c)                  Suppose you say, OK, too bad for him. However, I believe Jesus died for all of my sins so why should I care about any of this ancient stuff?" The answer is just as this Israelite king should have known better, stop and think how much accountability we have before God based on what we know of our bible? The price of "getting it" is accountability. That is why we can get judged not by losing our salvation, but by losing our witness for Him.

d)                 I would say that is enough guilt for the moment. The good news is that God will spare Ahab of some judgment coming up later in this story. Why God spares Ahab is not only good news for him, but for us as well. However, we have still have Elijah on a roll here telling what will be the judgments pronounced on this family:

16.              Verse 23: "And also concerning Jezebel the LORD says: `Dogs will devour Jezebel by the wall of Jezreel.' 24 "Dogs will eat those belonging to Ahab who die in the city, and the birds of the air will feed on those who die in the country."

a)                  John's loose translation: The queen will not get off the hook here either nor will anyone of your family. If any of King Ahab's descendants run away, their bodies will not be buried but eaten by either wild dogs or scavenger birds.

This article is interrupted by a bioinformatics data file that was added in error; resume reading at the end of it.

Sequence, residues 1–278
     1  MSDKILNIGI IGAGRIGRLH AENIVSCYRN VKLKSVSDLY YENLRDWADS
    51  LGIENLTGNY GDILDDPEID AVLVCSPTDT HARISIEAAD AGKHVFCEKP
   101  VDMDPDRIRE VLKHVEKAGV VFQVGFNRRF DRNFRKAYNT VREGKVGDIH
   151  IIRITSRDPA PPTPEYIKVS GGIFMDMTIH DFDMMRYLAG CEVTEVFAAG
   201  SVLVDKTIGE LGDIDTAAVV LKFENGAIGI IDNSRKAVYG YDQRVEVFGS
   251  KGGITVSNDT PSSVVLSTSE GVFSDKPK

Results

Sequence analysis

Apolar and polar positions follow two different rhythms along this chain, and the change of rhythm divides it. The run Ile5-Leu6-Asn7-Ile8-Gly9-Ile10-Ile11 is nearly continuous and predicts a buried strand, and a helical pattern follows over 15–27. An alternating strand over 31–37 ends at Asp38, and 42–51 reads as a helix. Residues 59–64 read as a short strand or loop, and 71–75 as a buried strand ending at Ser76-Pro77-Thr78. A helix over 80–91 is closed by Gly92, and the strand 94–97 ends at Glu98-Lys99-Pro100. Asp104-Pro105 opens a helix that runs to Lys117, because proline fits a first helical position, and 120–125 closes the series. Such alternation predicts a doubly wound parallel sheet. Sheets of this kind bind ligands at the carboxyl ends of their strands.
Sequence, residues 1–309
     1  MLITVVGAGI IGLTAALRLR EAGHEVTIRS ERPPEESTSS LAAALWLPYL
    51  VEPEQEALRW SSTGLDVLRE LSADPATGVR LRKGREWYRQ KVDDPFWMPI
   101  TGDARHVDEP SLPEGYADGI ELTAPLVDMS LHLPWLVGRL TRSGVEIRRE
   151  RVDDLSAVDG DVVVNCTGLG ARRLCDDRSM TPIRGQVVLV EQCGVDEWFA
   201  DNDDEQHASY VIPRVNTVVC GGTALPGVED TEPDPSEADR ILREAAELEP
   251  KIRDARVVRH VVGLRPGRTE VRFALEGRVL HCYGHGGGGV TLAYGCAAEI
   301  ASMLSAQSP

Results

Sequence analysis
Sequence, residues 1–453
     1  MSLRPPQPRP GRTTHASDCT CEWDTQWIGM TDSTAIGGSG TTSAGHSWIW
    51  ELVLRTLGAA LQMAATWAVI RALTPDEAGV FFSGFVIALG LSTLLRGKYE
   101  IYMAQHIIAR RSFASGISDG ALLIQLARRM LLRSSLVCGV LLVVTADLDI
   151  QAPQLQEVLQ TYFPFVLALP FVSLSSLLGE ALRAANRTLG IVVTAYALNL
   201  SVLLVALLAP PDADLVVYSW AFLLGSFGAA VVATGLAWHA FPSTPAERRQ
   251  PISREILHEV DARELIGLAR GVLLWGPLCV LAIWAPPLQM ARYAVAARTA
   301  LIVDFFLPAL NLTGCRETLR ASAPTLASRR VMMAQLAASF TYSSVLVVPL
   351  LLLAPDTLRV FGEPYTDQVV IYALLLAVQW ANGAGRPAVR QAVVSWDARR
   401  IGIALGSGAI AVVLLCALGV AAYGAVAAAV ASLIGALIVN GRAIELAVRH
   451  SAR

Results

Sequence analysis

i)                    OK, we can understand the sentence upon the queen. She's been a naughty queen for a lot of chapters now. Why punish the kids? What I suspect is the children are old enough to know right from wrong and chose to act like their mother in their own lifestyle. So you know, we will read of the fall of the queen and her children coming up in future lessons. In short, this prediction made by Elijah came literally true.

ii)                  Before I leave the literalness of this prediction, notice that Queen Jezebel will die at the same place where this farm was illegally taken. Even in her death, this queen will be a public witness of the price to be paid for turning from God.

b)                  With that dooming prophecy hanging over the heads of this family, let me add the next verse which is a commentary, and then I'll add mine:

17.              Verse 25: (There was never a man like Ahab, who sold himself to do evil in the eyes of the LORD, urged on by Jezebel his wife. 26 He behaved in the vilest manner by going after idols, like the Amorites the LORD drove out before Israel.)